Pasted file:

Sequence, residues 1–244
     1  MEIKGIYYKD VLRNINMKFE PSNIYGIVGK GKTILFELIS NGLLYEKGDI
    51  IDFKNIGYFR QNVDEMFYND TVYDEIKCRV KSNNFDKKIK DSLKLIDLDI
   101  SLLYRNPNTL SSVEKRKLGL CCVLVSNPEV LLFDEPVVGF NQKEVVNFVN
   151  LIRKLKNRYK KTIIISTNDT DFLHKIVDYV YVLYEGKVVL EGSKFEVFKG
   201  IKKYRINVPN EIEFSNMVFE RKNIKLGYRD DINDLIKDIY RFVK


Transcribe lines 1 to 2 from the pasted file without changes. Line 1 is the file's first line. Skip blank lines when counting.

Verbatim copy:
Sequence, residues 1–244
     1  MEIKGIYYKD VLRNINMKFE PSNIYGIVGK GKTILFELIS NGLLYEKGDI